Janet I. Tu's piece on Monday showed the strength of The Times reporting.
In today's journalism world of shrinking newsroom budgets and even smaller staffs it is no surprise the The Seattle Times turned to AP articles for the majority of their coverage of President Obama's second inauguration. As was pointed out in the previous post, the Times is an excellent REGIONAL newspaper. They have neither the budget nor the ability to compete with the national news sources for coverage of a story like the inauguration of the president.

That doesn't necessarily mean that the coverage found on the website was bad. In fact, The Times did a very good job of picking things of the AP wire to satisfy the need of those turning to The Times for coverage over CNN or the Washington Post. In fact, with the exception of video the Times had everything a POTUS–watching 24–hour–news–cycle–junkie might ever want.

Let it not be said that because they used so many AP stories The Times didn't have any of its own coverage of the inauguration. On the contrary, there were a few articles that were able to connect the big event in Washington to the local Seattle community. One such article, written by Janet I. Tu, focused on the importance of having the first African American President inaugurated for a second time on the day honoring a man who did so much for the advancement of racial equality in the United States.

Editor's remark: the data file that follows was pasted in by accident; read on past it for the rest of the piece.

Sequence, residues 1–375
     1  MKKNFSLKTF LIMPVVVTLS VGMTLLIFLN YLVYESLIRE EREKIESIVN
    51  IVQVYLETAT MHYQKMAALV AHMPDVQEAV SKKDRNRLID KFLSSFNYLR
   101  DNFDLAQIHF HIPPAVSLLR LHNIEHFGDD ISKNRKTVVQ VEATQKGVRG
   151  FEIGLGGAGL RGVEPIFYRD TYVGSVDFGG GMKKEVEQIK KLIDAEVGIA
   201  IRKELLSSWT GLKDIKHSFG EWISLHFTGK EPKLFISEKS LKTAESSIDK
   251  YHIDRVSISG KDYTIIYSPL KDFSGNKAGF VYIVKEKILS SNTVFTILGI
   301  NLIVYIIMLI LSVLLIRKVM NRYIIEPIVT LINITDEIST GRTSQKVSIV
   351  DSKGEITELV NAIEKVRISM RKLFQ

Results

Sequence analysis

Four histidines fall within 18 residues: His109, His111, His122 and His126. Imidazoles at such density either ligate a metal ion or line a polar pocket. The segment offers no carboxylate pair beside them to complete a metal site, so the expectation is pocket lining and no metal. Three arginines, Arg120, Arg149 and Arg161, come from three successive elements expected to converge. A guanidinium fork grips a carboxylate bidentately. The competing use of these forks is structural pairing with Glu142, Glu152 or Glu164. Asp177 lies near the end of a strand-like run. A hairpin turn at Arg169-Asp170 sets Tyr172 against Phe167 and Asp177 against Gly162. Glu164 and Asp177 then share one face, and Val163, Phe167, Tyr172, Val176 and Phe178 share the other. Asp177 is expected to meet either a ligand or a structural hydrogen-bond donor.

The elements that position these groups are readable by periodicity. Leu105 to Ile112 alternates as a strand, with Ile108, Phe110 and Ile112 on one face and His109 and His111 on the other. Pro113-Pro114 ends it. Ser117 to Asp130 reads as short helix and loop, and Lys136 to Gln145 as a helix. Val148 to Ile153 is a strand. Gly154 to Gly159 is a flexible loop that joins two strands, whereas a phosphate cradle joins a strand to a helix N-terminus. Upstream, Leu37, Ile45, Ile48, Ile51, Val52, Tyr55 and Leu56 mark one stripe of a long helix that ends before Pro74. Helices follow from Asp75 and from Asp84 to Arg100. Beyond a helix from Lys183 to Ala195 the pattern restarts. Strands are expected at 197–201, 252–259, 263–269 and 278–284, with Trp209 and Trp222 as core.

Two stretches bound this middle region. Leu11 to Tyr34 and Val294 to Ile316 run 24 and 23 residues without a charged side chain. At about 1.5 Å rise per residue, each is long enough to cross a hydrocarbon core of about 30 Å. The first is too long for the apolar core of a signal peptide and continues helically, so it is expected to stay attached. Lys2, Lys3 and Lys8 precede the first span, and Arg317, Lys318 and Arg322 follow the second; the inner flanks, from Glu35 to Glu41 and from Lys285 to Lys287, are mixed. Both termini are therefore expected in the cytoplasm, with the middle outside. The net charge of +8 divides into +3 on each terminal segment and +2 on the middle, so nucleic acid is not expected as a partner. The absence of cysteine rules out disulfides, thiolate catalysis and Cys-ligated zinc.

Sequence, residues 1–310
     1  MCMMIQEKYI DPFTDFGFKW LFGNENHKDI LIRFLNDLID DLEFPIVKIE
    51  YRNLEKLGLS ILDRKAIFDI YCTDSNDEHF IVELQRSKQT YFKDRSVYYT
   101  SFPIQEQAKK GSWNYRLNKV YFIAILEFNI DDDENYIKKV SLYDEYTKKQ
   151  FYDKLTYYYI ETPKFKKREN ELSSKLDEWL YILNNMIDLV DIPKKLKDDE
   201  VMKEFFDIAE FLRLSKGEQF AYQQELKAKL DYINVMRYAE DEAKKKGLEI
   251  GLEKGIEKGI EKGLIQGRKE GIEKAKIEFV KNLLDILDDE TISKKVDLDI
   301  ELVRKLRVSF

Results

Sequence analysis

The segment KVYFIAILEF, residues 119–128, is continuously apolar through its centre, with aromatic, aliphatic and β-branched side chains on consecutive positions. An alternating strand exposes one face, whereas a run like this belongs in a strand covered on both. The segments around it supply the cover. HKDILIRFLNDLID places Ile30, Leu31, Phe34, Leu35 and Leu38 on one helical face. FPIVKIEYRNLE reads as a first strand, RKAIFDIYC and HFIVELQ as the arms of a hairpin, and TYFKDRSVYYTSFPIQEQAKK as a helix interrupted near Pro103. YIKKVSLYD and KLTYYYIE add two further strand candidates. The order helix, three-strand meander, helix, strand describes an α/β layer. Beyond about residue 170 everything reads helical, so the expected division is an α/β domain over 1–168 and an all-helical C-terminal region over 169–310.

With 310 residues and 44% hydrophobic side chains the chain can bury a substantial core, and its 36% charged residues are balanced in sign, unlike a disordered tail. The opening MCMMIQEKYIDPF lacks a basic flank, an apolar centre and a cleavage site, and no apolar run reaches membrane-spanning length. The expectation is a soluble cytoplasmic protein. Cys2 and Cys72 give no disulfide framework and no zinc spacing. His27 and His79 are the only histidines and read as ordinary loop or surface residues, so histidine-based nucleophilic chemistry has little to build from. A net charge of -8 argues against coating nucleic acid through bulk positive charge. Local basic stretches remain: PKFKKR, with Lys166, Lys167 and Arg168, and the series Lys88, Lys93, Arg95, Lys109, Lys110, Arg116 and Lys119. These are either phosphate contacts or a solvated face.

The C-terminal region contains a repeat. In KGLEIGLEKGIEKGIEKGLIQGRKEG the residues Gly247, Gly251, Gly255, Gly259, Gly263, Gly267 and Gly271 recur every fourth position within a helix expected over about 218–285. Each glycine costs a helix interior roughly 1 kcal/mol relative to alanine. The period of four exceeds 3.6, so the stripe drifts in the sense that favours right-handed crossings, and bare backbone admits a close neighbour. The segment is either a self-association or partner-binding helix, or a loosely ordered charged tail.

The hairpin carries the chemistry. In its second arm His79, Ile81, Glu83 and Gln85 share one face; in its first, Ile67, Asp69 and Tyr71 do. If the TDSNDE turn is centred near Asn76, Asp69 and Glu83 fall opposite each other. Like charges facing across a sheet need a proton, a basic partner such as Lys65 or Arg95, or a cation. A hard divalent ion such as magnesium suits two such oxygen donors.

This kind of national news really isn't in the wheelhouse of a newspaper like The Times. While they do provide some national coverage, there is better national coverage from organizations that carve out their niche with national news. The Times is far more adept at covering the stories that are important primarily to the local Seattle community, and The Times should focus on these stories because they will be able to sustain a higher readership that way.

That being said, I was very pleased with how I was able to follow the inauguration from The Times website. The AP articles blended well with the local coverage of the event and MLK day. It was updated early and often, which is about all you can ask from what The Times was doing. I would call it a successful day for The Seattle Times.

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